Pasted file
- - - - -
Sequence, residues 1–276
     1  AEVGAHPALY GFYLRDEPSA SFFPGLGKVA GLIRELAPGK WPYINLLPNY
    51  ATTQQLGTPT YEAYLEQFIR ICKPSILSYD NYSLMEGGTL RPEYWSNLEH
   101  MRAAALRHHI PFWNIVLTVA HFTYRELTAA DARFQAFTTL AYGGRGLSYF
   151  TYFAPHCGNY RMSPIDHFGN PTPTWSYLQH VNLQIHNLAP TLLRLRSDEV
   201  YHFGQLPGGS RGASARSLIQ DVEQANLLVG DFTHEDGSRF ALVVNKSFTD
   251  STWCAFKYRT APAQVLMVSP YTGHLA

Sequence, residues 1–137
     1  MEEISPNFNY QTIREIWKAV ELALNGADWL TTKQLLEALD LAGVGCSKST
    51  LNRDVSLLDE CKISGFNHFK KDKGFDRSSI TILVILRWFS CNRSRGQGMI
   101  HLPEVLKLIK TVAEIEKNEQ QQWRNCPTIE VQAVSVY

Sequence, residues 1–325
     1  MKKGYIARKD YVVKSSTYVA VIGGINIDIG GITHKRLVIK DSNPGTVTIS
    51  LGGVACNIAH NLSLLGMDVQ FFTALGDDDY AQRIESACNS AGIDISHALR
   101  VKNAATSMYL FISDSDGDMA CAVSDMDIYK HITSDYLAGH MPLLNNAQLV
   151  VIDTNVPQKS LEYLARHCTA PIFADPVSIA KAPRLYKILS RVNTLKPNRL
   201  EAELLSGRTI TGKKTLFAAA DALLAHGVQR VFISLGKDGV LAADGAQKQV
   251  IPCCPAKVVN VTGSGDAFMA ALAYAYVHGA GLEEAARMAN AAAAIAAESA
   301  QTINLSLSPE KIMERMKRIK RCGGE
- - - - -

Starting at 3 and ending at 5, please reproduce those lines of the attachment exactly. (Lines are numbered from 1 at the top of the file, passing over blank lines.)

    51  ATTQQLGTPT YEAYLEQFIR ICKPSILSYD NYSLMEGGTL RPEYWSNLEH
   101  MRAAALRHHI PFWNIVLTVA HFTYRELTAA DARFQAFTTL AYGGRGLSYF
   151  TYFAPHCGNY RMSPIDHFGN PTPTWSYLQH VNLQIHNLAP TLLRLRSDEV